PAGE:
Although so far passively, the citizens of other EU countries have suffered more severely as a result of the battle their elites are waging against climate change. A European Commission study found that nearly 11% of the EU population (54 million people) could not heat their homes at an affordable cost. In England, where Parliament in 2008 passed a law mandating that the country reduce carbon emissions by 80% by 2050, a study found over 25% of United Kingdom households in a state of so-called “energy poverty” (defined as having to balance between heating and eating). In Germany, thanks to its much vaunted Energiewende (the total restructuring of energy policy), according to the weekly news magazine Der Spiegel “electricity is becoming a luxury good.” German consumers are forced to pay five times as much for energy (from solar, wind and biogas) as they would for equivalent energy from fossil fuels. The costs are buried in a confusing host of taxes, surcharges and fees, which Der Spiegel writes “would make any consumer’s head spin.” Most of this is on the backs of the poorest segment of society which can’t afford houses that benefit from German solar subsidies for roof installations to provide their heat and electricity.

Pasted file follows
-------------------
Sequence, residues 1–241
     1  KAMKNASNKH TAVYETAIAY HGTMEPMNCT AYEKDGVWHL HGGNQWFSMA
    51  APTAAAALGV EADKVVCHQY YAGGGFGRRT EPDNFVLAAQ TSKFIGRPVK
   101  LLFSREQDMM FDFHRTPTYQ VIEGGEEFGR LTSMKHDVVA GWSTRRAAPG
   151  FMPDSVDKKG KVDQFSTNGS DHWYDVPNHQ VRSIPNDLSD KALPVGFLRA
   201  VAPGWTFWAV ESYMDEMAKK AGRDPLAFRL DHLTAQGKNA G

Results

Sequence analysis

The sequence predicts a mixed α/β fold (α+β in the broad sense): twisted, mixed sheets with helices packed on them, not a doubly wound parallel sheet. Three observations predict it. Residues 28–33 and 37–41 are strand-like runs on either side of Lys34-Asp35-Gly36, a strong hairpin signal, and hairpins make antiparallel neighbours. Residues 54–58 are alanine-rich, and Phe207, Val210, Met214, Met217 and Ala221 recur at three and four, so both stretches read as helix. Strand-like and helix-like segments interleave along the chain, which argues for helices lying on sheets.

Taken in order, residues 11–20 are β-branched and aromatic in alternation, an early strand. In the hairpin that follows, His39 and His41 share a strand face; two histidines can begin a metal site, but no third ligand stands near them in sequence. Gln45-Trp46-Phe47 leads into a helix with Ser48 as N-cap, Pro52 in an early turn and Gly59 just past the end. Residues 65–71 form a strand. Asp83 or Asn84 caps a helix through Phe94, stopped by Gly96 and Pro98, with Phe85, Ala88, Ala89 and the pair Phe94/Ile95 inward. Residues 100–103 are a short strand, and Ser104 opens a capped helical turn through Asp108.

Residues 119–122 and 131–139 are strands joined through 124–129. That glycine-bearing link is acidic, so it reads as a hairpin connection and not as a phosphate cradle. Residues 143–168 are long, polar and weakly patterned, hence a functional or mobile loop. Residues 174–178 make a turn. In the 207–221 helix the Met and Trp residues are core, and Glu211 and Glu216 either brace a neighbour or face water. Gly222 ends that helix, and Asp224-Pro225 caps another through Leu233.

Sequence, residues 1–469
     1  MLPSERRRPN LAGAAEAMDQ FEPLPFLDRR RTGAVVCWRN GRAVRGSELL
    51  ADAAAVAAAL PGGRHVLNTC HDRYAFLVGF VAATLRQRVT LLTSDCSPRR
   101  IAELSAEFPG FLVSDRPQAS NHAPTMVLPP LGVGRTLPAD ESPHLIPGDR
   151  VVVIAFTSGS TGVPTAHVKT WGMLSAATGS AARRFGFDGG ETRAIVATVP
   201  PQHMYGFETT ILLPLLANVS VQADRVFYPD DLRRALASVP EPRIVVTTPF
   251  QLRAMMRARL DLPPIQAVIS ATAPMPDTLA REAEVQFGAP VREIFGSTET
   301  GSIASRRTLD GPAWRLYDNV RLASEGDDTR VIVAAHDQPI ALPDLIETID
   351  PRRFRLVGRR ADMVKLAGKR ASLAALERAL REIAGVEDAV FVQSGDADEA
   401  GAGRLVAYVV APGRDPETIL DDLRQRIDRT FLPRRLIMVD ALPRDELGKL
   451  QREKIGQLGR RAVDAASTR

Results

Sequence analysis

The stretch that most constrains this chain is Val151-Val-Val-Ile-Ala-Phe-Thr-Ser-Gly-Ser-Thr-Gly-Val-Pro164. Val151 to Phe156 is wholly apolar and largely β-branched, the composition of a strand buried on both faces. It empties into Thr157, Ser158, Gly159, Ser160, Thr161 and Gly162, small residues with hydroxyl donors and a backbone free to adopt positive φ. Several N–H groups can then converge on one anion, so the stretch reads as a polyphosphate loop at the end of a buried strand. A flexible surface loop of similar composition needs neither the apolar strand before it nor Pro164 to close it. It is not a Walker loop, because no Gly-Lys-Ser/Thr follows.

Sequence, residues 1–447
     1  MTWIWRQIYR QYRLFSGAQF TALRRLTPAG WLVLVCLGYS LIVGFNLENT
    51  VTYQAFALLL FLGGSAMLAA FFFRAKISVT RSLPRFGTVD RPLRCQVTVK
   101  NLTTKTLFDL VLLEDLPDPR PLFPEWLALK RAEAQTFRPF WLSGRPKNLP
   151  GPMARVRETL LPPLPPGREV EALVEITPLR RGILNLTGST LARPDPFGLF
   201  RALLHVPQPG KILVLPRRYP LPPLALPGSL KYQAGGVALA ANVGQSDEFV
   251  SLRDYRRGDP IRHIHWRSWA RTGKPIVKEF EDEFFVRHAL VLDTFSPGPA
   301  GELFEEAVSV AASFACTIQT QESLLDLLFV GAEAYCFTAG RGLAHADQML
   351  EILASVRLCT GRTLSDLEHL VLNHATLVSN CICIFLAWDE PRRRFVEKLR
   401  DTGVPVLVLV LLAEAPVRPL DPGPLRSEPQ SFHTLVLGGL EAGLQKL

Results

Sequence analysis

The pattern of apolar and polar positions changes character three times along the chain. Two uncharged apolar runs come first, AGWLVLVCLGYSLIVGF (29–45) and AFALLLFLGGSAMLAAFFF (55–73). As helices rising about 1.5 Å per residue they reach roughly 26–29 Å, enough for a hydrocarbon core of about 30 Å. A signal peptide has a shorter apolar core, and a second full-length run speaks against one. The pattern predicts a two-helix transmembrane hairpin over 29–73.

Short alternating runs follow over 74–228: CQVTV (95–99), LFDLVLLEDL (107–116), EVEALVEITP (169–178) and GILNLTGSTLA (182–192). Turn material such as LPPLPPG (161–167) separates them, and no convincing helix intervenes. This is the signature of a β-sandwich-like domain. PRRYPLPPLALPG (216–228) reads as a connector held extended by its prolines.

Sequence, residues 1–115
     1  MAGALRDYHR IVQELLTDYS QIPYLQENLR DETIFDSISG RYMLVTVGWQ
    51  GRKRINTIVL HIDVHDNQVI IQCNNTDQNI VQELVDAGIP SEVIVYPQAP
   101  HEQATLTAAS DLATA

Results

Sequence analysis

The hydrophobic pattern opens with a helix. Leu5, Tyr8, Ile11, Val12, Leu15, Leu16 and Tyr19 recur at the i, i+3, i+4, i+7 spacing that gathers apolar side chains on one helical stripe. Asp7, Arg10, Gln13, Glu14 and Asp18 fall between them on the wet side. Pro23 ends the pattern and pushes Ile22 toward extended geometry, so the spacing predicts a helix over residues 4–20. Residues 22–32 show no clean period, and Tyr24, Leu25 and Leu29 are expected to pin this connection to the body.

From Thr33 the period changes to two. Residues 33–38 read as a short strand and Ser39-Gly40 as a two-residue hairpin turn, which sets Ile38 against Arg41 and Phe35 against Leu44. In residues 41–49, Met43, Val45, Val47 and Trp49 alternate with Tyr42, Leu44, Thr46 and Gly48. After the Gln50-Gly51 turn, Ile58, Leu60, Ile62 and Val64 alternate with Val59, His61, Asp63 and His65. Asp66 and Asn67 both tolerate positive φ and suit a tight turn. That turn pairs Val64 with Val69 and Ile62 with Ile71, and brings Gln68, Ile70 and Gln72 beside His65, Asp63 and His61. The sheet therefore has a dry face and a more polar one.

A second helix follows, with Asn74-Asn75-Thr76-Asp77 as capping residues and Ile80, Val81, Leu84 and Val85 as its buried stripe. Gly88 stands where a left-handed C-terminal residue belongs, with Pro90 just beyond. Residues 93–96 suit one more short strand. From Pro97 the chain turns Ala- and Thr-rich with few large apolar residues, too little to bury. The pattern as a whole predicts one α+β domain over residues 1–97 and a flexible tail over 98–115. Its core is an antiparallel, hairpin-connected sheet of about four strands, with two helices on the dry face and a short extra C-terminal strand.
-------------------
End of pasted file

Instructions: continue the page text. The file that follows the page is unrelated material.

And the main impact of the climate policies European elites have already committed to implementing hasn’t hit yet. Up until 2020 was the relatively easy part. In the subsequent five years the EU has committed to doubling the emissions cut to 40%. Yet a 2018 study by the NGO CAN Europe found that not a single EU state was meeting its 2020 UN climate targets and 23 out of 28 scored “poor” or “very poor.” Germany’s performance was the most embarrassing of all. Despite assuming the mantle of leadership in renewable energy, and its huge investments in wind and solar, Germany had not reduced its emissions in nine years.